Hwang, Donaghy and Alan King as Sam Goldwyn at NY Stage & Film

News   Hwang, Donaghy and Alan King as Sam Goldwyn at NY Stage & Film The New York Stage and Film summer season at Vassar College's Powerhouse Theatre in Poughkeepsie, NY, will feature new plays by David Henry Hwang, Tom Donaghy, Jessica Goldberg and Joanna Murray Smith, and Mr. Goldwyn, a one-man show starring Alan King as Hollywood producer Sam Goldwyn.

The New York Stage and Film summer season at Vassar College's Powerhouse Theatre in Poughkeepsie, NY, will feature new plays by David Henry Hwang, Tom Donaghy, Jessica Goldberg and Joanna Murray Smith, and Mr. Goldwyn, a one-man show starring Alan King as Hollywood producer Sam Goldwyn.

Mr. Goldwyn, written by Marsha Lebby and John Lollos, will be directed by Gene Saks. Sam Goldwyn—nee Sam Goldfish—rose from birth in Warsaw and childhood poverty in New York City to become one of the most powerful producers of Hollywood's early days. Independent, with an aversion to partnerships, he formed Samuel Goldwyn Productions in 1923 and went on to produce such pictures as "Dead End," "Stella Dallas," "Wuthering Heights," "Ball of Fire," "The Best Years of Our Lives" and "The Bishop's Wife." He is perhaps best remembered these days, however, for his twisted way with words. Among the "Goldwynisms" he coined are "Include me out" and "A verbal agreement isn't worth the paper it's written on."

Comic and film actor King has appeared in such movies as "Night and the City," "Enemies: A Love Story" and "Bonfire of the Vanities." For some years, he has been slated to star in a developing Cy Coleman musical called It's Good to Be Alive, in which he would play the acting managing director of a struggling theatrical troupe in the '20s, during the heyday of Yiddish theatre in New York City.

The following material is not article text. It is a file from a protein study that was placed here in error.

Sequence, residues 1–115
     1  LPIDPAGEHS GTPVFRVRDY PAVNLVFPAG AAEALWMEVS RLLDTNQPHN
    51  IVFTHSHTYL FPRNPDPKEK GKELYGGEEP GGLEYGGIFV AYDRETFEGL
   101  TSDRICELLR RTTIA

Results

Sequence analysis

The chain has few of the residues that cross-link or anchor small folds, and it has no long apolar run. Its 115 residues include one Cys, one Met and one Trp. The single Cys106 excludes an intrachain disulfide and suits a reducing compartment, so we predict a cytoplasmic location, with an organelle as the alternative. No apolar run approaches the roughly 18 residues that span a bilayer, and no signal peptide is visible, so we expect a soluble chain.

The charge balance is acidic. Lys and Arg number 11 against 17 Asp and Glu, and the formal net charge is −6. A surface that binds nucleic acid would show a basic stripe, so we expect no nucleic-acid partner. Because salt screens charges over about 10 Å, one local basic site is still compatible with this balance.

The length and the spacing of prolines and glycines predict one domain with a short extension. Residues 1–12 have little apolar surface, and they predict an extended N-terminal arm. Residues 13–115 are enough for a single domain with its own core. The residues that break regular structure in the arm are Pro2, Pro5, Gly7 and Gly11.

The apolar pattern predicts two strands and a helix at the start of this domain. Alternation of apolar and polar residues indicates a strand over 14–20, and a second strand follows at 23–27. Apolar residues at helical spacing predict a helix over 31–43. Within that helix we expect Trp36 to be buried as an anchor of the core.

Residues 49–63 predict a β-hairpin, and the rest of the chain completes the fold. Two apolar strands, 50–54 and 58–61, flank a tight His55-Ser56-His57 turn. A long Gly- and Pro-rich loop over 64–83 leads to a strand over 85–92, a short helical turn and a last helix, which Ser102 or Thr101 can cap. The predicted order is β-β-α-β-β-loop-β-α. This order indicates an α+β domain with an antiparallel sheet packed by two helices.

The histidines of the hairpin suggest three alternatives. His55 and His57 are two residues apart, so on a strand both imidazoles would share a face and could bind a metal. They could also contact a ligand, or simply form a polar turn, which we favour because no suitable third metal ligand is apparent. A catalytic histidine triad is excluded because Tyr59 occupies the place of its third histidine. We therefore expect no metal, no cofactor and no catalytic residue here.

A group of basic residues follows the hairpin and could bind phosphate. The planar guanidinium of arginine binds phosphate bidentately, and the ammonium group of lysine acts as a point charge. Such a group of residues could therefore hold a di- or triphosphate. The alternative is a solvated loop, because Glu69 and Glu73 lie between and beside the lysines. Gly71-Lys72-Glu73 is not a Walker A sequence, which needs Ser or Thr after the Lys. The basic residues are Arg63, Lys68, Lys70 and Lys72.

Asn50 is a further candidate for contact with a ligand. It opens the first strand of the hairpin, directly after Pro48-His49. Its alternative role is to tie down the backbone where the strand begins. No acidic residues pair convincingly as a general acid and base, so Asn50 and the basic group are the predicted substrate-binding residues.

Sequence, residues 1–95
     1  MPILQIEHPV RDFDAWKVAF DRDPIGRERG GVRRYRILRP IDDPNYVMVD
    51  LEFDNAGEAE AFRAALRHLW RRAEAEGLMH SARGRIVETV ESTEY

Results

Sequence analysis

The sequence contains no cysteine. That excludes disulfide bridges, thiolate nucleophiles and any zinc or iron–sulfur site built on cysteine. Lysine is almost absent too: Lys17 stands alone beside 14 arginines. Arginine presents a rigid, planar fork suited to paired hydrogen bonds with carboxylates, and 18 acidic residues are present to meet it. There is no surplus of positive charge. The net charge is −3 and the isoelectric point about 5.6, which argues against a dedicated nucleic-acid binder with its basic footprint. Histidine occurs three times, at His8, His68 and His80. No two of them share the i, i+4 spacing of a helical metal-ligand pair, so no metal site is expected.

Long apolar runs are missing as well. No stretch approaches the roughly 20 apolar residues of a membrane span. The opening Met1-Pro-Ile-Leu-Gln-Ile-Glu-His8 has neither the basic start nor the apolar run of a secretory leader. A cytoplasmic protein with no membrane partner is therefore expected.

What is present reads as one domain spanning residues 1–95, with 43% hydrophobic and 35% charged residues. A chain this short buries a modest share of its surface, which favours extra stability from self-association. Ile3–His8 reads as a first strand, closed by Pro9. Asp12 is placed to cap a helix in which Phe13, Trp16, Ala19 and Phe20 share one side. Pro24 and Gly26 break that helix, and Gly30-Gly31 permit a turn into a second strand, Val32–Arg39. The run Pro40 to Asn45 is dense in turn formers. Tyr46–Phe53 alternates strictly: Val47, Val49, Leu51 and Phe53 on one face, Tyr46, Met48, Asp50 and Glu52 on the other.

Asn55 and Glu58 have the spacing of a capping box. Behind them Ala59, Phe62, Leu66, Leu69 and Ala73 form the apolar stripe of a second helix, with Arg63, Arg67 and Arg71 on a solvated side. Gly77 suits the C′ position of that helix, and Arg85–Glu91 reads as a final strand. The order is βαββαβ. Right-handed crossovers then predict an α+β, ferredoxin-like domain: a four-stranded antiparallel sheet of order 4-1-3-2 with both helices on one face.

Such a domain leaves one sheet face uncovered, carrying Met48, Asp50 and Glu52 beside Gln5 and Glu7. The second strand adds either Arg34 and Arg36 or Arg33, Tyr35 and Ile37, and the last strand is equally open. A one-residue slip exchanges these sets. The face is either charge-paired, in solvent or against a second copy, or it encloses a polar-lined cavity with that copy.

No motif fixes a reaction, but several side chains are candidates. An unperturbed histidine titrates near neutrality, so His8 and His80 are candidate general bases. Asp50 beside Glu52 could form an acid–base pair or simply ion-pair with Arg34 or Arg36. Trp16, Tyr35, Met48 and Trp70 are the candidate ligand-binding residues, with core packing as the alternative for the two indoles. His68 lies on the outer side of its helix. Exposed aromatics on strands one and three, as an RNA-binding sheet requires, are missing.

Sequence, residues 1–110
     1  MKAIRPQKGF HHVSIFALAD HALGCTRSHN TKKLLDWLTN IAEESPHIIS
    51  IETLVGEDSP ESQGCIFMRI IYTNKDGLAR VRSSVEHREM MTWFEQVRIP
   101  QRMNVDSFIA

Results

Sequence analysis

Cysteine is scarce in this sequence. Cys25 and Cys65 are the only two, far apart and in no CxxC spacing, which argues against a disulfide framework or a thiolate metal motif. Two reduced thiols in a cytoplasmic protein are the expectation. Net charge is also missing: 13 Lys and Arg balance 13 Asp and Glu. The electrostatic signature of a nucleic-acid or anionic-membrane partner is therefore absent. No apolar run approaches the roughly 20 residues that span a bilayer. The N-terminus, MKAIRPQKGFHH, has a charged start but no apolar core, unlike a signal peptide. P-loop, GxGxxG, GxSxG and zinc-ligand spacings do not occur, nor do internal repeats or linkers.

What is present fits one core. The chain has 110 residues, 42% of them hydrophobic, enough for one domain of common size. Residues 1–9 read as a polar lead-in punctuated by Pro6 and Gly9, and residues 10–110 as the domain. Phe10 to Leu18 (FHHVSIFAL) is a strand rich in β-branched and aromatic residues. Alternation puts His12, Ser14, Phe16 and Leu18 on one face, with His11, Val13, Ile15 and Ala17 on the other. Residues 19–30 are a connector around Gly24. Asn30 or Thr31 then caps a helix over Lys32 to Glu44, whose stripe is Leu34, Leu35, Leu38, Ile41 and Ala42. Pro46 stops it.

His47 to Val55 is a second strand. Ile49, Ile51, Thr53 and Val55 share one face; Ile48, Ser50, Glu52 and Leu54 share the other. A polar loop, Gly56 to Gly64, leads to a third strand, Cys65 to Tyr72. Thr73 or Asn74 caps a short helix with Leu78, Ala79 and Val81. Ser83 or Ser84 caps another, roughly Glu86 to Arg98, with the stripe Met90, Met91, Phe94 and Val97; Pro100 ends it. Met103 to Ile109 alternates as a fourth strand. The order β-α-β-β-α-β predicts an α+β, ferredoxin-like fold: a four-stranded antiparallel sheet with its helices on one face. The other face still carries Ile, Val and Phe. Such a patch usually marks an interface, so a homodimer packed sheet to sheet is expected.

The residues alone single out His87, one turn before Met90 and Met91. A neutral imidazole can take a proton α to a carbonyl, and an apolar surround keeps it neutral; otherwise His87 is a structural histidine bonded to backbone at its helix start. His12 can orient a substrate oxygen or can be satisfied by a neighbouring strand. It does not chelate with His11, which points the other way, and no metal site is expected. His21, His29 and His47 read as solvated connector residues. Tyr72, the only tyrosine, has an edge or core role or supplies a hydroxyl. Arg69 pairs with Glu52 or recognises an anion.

Mr. Goldwyn will play the Powerhouse July 25-Aug. 4.

The Powerhouse season will get underway June 27 with Nightfall, a new play by Joanna Murray Smith, the author of Honour, which ran briefly on Broadway. In the psychological drama, two parents are forced by a stranger to examine the disappearance of their daughter. Max Mayer directs. Next at the Powerhouse comes Hurdy Gurdy Man, Dick Beebe's play about a nice Boston butcher who makes a bet in a bar one night and lives to pay the weighty price. The work was workshopped at NYS&F last summer, in a production directed by Sheryl Kaller, and starring Maryann Plunkett, Jay O. Sanders and Cotter Smith. Kaller repeated her duties. The show runs July 11-21.

On the Susan Stein Shiva Theatre stage, meanwhile, Tom Donaghy's Boys and Girls will play June 29-July 1. The new work by the author of Minutes from the Blue Route and Northeast Local is about two couples, one male and one female, with a history "of loss and love." David Henry Hwang's Largo will follow, July 6-8. Inspired by Dvorak's "New World Symphony," the theatrical venture "mixes blues, rock and the voices of our musical ancestors" to meditate on our nation's heritage.

Concluding the Shiva schedule are Strange Grace by Jane Shepard (July 20-22) and Good Thing by Jessica Goldberg (July 27-29).

Including in this summer's reading series are Permanent by Larry Atlas, King by Will Eno and Headlong by "thirtysomething" actress Patricia Wettig. The series runs June 22-24.

For information, call (845) 437-5599, or consult www.vassar.edu/powerhouse.

—By Robert Simonson